The Impossible

The Impossible

Just in from seeing The Impossible. It tells the true story of Maria and Henry Belon, played by Naomi Watts and Ewan McGregor, and their three children. They take a Christmas holiday to Thailand but are swept up in the devastating tsunami of 26th December 2004. It was really tense throughout as the parents, split up in the chaos of it all, try to find each other and their kids. Excellent performances from all involved and definitely recommended.

Sightseers

Sightseers

I’m a big fan of black comedies so went to see Sightseers this afternoon in the IFI. It charts the relationship and travels of Tina and Chris who don’t have a lot of tolerance when it comes to people. Well, they murder a good few anyway. It’s really funny throughout and the performances are excellent. Recommended.

Shut Up And Play The Hits

First let me start off by saying that I hadn’t listened to an LCD Soundsystem album up until two weeks ago when I bought ‘Sound of Silver’. Last night was the premiere of “Shut Up And Play The Hits” which is the concert film directed by Will Lovelace and Dylan Southern of the band’s last ever gig in Madison Square Garden. The gig footage is the highlight and is inter cut with footage of James Murphy explaining his decision on ending the band on such a high. It’s clear that the guy isn’t sure whether he’s doing the right thing or not and he’ll only realistically know in hindsight. Fair balls to him on doing it though cos as he says himself: “I want to do other stuff. I like to make coffee”.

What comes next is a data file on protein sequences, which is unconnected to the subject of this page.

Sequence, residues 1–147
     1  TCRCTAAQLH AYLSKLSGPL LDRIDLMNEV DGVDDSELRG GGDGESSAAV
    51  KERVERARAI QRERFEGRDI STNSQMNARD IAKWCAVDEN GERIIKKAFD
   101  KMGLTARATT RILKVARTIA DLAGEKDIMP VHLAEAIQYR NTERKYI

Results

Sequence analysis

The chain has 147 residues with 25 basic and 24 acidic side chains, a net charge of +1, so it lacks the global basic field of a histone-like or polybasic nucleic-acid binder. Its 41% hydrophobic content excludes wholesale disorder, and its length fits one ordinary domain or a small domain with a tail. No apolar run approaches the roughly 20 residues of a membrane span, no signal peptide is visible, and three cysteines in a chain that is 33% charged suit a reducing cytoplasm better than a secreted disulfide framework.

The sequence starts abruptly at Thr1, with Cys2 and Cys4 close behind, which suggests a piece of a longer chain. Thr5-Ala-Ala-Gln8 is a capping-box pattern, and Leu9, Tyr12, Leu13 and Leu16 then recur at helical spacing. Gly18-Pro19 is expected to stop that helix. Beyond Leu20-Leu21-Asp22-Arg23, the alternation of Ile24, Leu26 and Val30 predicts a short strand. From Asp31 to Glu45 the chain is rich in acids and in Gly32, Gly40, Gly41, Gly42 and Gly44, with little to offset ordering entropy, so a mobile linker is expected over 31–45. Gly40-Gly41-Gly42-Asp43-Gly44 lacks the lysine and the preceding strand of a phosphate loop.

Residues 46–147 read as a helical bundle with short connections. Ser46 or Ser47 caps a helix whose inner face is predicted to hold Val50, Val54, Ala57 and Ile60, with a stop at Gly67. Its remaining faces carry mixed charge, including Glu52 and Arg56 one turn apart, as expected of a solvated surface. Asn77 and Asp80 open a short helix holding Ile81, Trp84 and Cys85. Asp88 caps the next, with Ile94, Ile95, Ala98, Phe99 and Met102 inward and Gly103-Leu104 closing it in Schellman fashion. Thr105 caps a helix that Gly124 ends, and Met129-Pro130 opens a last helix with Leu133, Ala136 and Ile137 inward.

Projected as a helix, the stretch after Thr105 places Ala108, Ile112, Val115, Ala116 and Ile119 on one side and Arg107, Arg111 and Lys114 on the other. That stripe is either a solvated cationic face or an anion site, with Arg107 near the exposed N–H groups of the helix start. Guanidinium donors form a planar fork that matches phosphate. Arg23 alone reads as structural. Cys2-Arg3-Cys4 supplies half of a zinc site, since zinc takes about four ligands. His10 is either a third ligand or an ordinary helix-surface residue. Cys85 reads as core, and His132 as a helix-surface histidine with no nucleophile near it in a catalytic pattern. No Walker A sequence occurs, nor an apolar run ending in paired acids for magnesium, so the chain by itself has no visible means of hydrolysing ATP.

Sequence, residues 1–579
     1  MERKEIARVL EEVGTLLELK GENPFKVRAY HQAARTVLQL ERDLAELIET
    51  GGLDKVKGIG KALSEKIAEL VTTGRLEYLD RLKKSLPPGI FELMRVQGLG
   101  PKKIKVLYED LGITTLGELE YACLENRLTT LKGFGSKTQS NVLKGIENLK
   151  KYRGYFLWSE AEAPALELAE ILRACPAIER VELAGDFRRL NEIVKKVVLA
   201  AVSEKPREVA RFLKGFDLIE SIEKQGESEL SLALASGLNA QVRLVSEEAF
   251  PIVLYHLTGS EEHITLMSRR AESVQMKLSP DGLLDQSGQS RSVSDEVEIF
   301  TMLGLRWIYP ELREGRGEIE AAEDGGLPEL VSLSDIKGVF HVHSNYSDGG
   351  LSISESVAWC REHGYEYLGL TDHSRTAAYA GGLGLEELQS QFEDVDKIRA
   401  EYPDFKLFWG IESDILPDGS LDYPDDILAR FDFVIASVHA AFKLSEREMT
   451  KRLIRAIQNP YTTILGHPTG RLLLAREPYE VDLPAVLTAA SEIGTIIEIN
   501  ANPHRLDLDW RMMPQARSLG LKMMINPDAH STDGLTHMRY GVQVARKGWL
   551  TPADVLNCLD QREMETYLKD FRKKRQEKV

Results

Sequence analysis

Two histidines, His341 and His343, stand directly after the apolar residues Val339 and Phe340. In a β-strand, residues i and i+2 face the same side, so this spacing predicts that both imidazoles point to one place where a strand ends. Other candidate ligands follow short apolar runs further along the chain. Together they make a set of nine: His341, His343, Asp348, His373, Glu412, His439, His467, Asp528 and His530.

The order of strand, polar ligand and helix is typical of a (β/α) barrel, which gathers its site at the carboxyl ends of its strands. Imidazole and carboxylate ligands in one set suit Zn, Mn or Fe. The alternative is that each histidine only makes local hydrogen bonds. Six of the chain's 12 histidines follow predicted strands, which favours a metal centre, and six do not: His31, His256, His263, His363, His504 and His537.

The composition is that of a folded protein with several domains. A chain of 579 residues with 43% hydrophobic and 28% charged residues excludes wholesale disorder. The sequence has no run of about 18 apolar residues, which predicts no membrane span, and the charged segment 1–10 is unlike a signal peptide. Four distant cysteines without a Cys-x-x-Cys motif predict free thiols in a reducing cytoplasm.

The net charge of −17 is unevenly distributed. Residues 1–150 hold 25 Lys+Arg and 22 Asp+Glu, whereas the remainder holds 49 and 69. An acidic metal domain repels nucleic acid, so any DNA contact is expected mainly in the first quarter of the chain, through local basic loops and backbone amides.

Herzog’s Into the Abyss

I saw Werner Herzog’s “Into the Abyss: A Tale of Death, A Tale of Life” this evening in the IFI. I’d heard good things from friends and tonight was the last screening so I didn’t want to miss it. Herzog has crafted a brilliant documentary about two men convicted of a triple homicide in Texas. Michael Perry received a death sentence for the crime, and Jason Burkett received a life sentence. The film focuses on the two convicts and various people affected by the crime. It’s balanced, affecting and never judgmental. Highly recommended.